Another Rock Voice has shuffled off this mortal coil.
John Wetton, singer/bassist and veteran of multiple famed prog-rock outfits, died today (Jan. 31) in his sleep, with the cause of death being widely reported as colon cancer.
In 1979 supergroup U.K. joined rock keyboard/violinist Eddie Jobson who played with Roxy Music, Jethro Tull and Frank Zappa together with King Crimson’s John Wetton, Yes drummer Bill Bruford and guitarist Allen Holdsworth. This their self titled debut was a well oiled operatic opus which smartly combined all these talents together into eight smart somewhat cohesive jazz/rock songs. Side one opens with In the Dead of Night followed By the Light of Day. Presto Vivace and Reprise and the beautiful Thirty Years. On side two the eerie Alaska and Time to Kill give way to Nevermore and Mental Medication. The record has a somber, pensive feel, which seems especially appropriate today.
R.I.P. John Wetton
Rock ‘n Roll music has always been a voice of self-consciousness and defiance. In the past it has called out abuse and questioned tyranny especially in the late 1960s and early 70s. It has rallied youth and provided a platform for generations to speak out against injustice, corruption and intolerance. Now especially is the time for underground American rock to reawaken. Who will be the new voice in these troubled times?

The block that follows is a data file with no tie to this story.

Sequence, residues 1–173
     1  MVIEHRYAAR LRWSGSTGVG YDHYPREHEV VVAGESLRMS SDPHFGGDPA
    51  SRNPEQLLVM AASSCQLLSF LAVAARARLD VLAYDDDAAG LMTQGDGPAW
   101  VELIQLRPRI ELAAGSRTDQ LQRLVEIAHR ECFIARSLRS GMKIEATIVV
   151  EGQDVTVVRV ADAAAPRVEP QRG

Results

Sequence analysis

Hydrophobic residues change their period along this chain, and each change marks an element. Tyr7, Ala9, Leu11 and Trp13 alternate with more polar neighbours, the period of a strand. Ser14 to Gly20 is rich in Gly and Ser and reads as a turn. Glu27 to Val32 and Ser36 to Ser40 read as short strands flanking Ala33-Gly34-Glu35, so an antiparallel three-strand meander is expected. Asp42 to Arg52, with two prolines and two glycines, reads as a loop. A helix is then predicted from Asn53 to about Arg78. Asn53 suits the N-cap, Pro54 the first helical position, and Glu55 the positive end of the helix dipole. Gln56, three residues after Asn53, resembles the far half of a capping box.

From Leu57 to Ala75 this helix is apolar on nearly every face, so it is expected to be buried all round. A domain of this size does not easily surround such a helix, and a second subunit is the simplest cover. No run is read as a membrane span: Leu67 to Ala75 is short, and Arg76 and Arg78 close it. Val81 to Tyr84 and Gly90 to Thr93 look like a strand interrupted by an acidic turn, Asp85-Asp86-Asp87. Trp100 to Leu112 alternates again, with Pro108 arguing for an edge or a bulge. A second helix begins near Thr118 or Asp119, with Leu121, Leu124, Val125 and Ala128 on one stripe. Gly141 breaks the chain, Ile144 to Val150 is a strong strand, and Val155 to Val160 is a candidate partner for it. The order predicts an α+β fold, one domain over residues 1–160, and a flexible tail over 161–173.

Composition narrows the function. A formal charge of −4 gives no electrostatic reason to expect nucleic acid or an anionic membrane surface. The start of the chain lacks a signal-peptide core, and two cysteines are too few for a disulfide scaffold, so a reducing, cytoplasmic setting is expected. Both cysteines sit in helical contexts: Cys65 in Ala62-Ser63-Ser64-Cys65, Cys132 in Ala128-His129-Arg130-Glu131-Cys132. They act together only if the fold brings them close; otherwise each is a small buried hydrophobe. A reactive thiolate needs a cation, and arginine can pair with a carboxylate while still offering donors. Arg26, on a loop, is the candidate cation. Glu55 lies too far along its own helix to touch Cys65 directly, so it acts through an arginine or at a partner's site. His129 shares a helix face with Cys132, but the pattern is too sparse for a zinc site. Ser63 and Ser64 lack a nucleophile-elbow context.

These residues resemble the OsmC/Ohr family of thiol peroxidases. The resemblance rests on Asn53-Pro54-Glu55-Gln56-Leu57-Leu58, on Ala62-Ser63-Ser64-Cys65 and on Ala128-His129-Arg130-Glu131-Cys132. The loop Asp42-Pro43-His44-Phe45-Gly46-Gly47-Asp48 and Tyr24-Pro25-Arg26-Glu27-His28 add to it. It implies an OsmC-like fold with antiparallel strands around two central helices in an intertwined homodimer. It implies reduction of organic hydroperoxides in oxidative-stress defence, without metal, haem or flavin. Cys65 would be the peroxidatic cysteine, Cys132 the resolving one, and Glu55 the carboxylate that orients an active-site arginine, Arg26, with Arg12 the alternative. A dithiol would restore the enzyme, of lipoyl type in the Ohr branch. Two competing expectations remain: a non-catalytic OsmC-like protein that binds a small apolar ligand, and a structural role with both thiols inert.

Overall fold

R.E.M’s Fables of the Reconstruction was one of the rural soundscapes of my youth in the 1980’s.
Congratulations to Neal Schon. A little make-up, hair gel and updated biker duds (along with some help from those cute Glee Club kids) has finally paid off. This year, Journey gets the nod from the Rock & Roll Hall of Fame. Prior to becoming leaders of the arena rock scene in the late 70s and 80s, the west coast jazz/rock band picked up a new lead singer, put on some really tight pants and put out Today’s Runner. “Are you feeling that way too?” Infinity is my pick from these guys. Yes, it’s that time again, to hit the streets – Enjoy!
Tom Waits conjures up the spirit of Louis Armstrong in his classic 1970s Club Crest style. Small Change is steeped in poetry, jazz and blues, perfect to throw back a few stiff ones and contemplate misfortune, love lost and days of auld lang syne.